Sunday, August 19, 2012


With Rusty Warren adult comedy albums selling well, and looking fondly back at the success they had with cute Dorothy Provine, some funster at Warner Bros. decided it might be safe and profitable to put out an album of mildly risque songs done by a saucy-voiced blond. That's as good a theory as any for how record racks briefly held Joan Barton's album of sanitized Bessie Smith numbers ("Kitchen Man") and "sophisticated" tunes that Charlie Drew and other hotel nightclub bon vivants sang ("She Had to Go And Lose It At the Astor").

And so we take a very quick look 'n' listen at Joan's "Low Lights and Laughs" album. "The Most Fun I Had Without Laughing," won't be the most fun you've had at the blog, and you won't be laughing. But you've gained in your knowledge of Joan the Obscure. (Anyone get the Thomas Hardy reference? Now you see what becomes of literacy...writing to nearly nobody on a free blog!)

Just who the hell was Joan Barton? Well, at 14, dubbed "Mary Ann," she sang with Phil Spitalney's Orchestra. She sang on radio shows hosted by Rudy Vallee and other names nobody cares much about anymore. She did the obligatory USO tours and was welcomed by the soldiers because her measurements were 37-24-35. After the war, 1947, age 22, Joan reached the height of her success with a role in John Wayne's "Angel and the Badman," performing several songs. Sadly, attention spans were as short then as they are now, and she didn't get much film work after that. After her follow-up 1948 film "Mary Lou," she was pretty much a has-been.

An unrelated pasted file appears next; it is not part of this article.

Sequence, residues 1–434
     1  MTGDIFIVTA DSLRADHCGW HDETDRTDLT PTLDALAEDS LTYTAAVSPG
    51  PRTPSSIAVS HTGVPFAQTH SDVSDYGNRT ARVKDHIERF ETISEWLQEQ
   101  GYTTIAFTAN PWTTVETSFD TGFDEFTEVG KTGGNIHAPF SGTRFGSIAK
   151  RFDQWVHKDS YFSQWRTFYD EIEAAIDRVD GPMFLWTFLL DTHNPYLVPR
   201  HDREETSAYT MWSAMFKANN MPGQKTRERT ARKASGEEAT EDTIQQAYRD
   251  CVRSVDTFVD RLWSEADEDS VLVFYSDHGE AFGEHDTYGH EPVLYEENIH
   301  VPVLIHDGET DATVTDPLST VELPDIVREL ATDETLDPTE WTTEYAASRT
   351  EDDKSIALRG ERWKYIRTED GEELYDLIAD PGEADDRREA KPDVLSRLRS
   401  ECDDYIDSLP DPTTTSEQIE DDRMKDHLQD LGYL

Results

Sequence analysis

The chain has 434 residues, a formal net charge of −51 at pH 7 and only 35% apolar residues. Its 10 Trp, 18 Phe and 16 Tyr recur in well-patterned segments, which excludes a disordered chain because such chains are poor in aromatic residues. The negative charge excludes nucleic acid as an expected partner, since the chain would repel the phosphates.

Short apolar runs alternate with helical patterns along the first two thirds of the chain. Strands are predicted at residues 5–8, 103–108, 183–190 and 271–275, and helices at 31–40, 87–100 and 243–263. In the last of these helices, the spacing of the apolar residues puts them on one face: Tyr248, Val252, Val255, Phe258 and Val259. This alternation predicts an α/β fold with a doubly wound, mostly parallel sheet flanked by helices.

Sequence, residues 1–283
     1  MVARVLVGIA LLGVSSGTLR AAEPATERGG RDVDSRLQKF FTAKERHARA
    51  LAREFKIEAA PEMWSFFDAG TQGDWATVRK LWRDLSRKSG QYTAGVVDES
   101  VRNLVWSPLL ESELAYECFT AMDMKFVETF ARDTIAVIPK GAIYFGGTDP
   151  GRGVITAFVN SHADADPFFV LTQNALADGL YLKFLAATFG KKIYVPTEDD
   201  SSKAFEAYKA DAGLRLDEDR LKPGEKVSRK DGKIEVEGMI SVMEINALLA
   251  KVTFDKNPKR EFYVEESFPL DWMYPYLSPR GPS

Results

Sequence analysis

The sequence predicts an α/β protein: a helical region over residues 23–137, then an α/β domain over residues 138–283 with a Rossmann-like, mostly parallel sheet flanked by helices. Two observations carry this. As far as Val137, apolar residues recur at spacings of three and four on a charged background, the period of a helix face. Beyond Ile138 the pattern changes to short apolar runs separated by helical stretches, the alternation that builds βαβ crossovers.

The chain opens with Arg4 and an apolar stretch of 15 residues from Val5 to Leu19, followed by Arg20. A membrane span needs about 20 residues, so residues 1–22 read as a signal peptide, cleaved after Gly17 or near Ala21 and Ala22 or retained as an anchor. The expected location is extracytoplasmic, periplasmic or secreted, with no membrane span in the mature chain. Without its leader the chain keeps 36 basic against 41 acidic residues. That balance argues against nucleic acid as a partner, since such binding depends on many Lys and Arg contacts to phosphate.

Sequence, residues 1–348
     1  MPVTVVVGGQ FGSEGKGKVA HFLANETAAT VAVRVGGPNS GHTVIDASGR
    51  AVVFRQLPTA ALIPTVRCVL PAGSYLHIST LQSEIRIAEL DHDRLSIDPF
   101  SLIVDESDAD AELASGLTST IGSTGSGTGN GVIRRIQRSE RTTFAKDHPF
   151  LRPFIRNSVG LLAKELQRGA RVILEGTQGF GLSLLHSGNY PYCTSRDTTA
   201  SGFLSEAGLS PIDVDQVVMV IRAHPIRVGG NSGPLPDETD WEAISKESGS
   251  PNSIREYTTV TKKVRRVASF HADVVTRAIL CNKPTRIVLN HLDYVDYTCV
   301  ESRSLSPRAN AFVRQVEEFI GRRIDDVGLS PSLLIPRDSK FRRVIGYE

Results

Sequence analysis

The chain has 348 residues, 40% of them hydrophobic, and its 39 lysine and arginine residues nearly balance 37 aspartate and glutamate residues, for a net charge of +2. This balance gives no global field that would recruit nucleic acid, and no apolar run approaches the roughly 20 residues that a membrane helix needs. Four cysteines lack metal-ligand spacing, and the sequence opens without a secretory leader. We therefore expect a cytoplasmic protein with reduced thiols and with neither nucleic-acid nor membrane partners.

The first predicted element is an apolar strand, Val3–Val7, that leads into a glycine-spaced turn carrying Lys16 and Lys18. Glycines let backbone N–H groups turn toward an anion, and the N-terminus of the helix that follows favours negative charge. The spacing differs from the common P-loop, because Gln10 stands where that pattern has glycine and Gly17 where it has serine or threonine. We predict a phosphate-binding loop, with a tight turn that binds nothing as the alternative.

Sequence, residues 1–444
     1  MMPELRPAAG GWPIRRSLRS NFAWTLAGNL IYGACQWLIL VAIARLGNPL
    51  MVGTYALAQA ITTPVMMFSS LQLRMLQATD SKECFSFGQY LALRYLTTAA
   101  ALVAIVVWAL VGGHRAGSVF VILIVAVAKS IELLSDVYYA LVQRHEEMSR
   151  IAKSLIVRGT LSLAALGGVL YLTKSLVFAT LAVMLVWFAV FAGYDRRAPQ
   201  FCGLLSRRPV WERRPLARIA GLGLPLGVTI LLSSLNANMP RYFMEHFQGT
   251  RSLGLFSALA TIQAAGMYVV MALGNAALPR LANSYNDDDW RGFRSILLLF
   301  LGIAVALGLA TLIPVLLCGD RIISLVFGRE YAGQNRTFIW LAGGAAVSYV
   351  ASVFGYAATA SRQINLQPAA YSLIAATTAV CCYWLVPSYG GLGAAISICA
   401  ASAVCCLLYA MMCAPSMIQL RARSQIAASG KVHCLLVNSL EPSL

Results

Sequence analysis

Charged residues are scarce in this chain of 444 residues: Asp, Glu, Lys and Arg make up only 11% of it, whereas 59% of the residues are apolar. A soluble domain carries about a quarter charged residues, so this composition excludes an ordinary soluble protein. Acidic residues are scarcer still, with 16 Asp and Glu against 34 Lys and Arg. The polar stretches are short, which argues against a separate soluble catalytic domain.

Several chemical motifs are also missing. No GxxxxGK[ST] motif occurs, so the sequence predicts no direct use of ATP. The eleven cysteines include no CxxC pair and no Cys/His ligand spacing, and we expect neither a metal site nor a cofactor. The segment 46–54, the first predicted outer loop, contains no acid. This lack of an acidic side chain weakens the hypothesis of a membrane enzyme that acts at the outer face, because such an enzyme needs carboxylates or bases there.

Barton managed an "Ed Sullivan Show" appearance in 1950, worked nightclubs, and went from dating A-list guys like Dick Powell to marrying used-car dealer "Madman" Muntz, notorious for his pioneering hard-sell and totally ludicrous TV commercials. Joan would soon be Barton-Upon-Humble, because the "Madman" was not the kind to stay married to one woman for long. Muntz went bankrupt in 1959 and in 1962 Joan failed to make cash registers ring for Warners. What happened to her after "Low Lights and Laughs" I have no idea, except there was the inevitable: she eventually died.

A salute to Joan Barton as we near the anniversary of her death, August 27, 1976. She was a fine singer. If you're not morbid, wait a month and celebrate her birthday, September 20th, 1925.


The Most Fun I Had Without Laughing

Download or listen on line. No capcha codes, no wait time, no DepositFiles bullshit of stupid ads for losers who play video games or love Japanese anime. No visits to a crap-cloud that serves you pop-unders from spammy spyware sites that give you the "are you sure you want to navigate away from this page" sticky stuff to keep you trapped till you have to force-quit.


al gray said...

Well...for the most part a cool article with mostly factual stuff. She died as age 50 because she had gotten the fame bug with her early success. One barrier was that she fell from a ramp at a USO show during WW2 and broke her back. She was physical unable to perform. This is the partial background of the sad slide into alcoholism. Lucky for her she married big band arranger Jerry Gray who took care of her regardless. But he died August 10 1976. Barton died in 1977 nine months later...of alcoholism. Fame is a killer.

Ill Folks said...

Thanks, Al. So sad to hear about her troubles. Kind of odd that with her physical ailments, she turned up on WB with this odd album. (I do realize that back then, promoting an album didn't necessarily involving touring or doing interviews.) "What demon is like alcohol?" E.A. Poe